Luthor, in desperation to maintain control of his city, makes a last minute deal with B13 to sacrifice Brainiac/Lena and allow B13 to escape and disappear. Luthor is left with the technology to control his futuristic city, but with a great price as Lena and the Brainiacs disappear.
Our Brainiac At War
Brainiac 13 and an apprentice return in the "Our Worlds At War" storyline which ran through the Superman titles and other titles in summer 2001. Starting with Superman #171, President Luthor is awoken by a green skinned female wearing a Brainiac purple and black outfit - an adult Lena.
Lena warns Luthor about the coming of Imperiex, who plans to recreate the universe after destroying the current one. Lena reappears in Adventures of Superman #595, after Imperiex' apparent defeat, to announce that she serves Brainiac 13, who has taken the power of Imperiex. Luthor, undaunted, sees Lena as his link to B13 and his key to victory.
In Superman: The Man of Steel #117, while Superman battles B13, Luthor confronts Lena. He convinces her to betray B13, arguing "Your father will beat your master again ... but this time I will do it with my daughter at my side. I can see it in your eyes, girl ... you're a Luthor. You value power in a way a soulless machine never could! You understand why we must sometimes eat our young. The time has come, Lena. Move past what was done ... join your blood. Learn from your father. Learn from the best."
In Action Comics #782, the father/daughter team join the fray in a final battle against B13 and Imperiex. By issue's end, Superman has defeated and disposed of both villains and victoriously returns an infant Lena back to her father. As Luthor stares at his child, her forehead displays the faded Brainiac circuitry.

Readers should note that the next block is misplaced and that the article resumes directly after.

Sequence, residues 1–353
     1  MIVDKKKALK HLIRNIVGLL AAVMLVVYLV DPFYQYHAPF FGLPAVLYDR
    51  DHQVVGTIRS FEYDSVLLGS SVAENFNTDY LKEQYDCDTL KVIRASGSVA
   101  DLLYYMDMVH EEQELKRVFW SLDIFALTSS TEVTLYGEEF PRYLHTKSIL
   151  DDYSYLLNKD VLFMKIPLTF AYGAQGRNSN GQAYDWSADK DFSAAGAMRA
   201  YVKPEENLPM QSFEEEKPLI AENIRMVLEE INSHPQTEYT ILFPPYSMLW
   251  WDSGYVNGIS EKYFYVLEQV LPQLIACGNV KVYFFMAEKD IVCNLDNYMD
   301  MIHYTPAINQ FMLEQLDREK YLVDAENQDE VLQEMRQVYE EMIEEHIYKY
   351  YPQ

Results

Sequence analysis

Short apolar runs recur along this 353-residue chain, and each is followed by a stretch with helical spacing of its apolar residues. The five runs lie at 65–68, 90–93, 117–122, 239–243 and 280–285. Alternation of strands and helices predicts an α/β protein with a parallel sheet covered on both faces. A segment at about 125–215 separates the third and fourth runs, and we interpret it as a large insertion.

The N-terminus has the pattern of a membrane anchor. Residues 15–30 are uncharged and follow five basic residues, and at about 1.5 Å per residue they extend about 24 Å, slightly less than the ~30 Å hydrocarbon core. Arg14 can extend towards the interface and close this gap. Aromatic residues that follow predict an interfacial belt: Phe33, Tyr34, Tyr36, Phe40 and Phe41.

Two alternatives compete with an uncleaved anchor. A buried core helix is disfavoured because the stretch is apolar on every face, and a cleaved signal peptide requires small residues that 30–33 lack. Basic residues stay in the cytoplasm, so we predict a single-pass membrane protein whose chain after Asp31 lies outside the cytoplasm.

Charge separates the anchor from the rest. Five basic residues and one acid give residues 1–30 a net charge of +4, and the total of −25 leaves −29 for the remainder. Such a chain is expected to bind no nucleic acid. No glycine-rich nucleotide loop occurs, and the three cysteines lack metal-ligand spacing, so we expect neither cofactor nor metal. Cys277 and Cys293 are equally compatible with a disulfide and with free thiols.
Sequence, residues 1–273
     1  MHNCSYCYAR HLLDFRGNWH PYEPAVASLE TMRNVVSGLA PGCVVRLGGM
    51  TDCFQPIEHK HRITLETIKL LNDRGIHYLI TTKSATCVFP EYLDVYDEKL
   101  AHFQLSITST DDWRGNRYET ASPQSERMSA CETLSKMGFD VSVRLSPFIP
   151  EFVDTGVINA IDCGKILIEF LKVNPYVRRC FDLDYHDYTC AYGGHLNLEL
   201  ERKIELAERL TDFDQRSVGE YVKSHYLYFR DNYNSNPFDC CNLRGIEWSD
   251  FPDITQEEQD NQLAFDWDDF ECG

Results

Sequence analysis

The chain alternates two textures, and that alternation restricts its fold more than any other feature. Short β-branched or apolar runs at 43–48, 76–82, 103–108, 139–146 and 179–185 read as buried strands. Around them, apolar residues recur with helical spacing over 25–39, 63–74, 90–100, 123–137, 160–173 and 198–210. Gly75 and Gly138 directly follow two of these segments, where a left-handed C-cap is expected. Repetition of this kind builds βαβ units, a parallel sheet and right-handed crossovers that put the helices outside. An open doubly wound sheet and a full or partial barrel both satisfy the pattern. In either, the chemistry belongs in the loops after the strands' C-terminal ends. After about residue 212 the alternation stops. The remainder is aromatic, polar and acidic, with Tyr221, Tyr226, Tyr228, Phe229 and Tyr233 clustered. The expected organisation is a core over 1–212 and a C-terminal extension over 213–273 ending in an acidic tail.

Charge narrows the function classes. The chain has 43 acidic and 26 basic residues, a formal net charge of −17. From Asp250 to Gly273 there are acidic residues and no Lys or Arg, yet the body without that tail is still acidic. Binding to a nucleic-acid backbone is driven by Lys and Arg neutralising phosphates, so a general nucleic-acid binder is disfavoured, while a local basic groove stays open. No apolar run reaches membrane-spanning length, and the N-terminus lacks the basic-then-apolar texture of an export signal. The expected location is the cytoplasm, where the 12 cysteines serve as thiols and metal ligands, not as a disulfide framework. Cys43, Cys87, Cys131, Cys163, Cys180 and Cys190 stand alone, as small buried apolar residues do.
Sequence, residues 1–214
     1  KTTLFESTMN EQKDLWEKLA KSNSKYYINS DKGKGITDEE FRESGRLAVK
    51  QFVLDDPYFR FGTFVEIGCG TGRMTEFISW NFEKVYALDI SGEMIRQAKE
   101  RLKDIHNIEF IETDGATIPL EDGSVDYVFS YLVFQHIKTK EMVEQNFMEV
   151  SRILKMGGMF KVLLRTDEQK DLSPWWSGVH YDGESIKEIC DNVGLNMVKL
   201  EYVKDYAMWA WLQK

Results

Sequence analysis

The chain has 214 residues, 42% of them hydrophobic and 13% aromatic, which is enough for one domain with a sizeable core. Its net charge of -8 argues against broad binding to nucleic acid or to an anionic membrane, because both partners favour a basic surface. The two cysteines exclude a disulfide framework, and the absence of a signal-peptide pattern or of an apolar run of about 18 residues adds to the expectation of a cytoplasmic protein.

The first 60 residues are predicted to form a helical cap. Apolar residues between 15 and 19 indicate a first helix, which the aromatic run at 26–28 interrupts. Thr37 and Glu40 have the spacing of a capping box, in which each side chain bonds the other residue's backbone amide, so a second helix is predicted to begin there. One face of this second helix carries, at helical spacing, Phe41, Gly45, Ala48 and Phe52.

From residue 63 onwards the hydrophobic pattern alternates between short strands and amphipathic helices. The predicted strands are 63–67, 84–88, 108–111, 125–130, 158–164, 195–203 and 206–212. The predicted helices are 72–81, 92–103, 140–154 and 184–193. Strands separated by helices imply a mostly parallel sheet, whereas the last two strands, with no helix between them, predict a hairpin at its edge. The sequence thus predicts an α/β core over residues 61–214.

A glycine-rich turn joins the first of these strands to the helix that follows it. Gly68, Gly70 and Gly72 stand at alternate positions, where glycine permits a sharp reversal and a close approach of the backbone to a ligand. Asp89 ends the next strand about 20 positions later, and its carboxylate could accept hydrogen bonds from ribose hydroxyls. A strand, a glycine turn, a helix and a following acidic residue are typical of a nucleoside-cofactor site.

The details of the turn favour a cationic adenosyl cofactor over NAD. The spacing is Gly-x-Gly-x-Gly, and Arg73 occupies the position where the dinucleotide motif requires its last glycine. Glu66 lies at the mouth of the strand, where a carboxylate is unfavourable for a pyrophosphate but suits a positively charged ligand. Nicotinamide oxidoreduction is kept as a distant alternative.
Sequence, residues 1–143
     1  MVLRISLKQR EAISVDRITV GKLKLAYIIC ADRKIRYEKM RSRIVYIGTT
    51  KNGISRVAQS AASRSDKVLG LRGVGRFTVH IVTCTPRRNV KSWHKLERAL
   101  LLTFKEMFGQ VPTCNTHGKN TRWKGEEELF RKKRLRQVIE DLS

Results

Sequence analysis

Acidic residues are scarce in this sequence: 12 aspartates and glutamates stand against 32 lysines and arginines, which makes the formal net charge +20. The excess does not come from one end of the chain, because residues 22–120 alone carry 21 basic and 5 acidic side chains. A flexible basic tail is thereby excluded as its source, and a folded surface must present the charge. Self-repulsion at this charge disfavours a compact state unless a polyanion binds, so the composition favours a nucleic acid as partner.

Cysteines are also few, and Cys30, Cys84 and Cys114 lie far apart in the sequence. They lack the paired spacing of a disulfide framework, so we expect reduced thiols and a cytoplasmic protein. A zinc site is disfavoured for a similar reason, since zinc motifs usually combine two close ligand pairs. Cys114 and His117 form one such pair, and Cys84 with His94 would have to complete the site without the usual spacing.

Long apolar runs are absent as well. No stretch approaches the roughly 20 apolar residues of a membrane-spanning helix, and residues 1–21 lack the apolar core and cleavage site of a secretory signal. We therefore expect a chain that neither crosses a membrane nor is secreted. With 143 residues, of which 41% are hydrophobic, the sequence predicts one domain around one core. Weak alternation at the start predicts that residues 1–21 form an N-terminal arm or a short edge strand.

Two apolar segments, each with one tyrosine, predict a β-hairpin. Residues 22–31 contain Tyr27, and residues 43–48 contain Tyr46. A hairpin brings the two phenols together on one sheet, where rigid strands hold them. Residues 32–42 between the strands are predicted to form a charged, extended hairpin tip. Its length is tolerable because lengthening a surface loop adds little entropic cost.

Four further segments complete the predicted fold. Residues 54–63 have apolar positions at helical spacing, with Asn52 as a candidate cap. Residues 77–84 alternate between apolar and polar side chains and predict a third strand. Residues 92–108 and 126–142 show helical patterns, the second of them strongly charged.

While there is no indication of the original Brainiac during "Our Worlds At War", the epilogue in Superman: The Man of Steel #118 has Luthor hiring a new nanny for Lena - with the traditional double L name which usually spells trouble for Superman. The nanny, Liesel Largo, glows with eagerness to begin - as do her Brainiac green eyes.
Brainiac 13 Minus 1
A mystery Supergirl, using the name of Cir-el, first appeared on the final page of Superman: The Ten Cent Adventure. She is awoken and welcomed to the past by the mystery villains known as the Timesmiths. The Cir-el Supergirl has short, dark hair and wears a black bodysuit, with a large red S slashed across the front, and accessorized with a blue cape. Her story is written by Steven Seagle and continues in Superman #192 (with art by Scott McDaniel and Andy Owens). Over the course of various issues, the mystery deepens as the reader learns that Lois was not Cir-el's mother and that Cir-el transforms from and into an ordinary female named Mia.
Mia's story concludes in Superman #200 with the revelation that Mia's body had been used as a refuge by Brainiac 13, following his failed takeover in the Y2K storyline. The computer tyrant's consciousness transformed Mia, using a hair from Superman for a genetic graft, and kept Brainiac's essence hidden until it could emerge again as Brainiac 12 - ready for an upgrade back to Brainiac 13. The last we see of Mia, she sacrifices herself by leaping into the time stream to change the past. Superman follows, carrying Brainiac and leaving him stuck in an anomaly in the time stream.
A digital Brainiac appears in the Bat-world in Birds of Prey. Barbara Gordon (now Oracle and formerly the original Batgirl), has been the subject of internet and electronic attacks. In issues #72 & 73, the villain is revealed as Brainiac (although the story doesn't clarify which "version" of Brainiac this might be). Much like Superman regularly defeated the Milton Fine humanoid Brainiac through sheer mind and will-power, Barbara does the same. The victory is not complete however, as she is infected with Brainiac technology.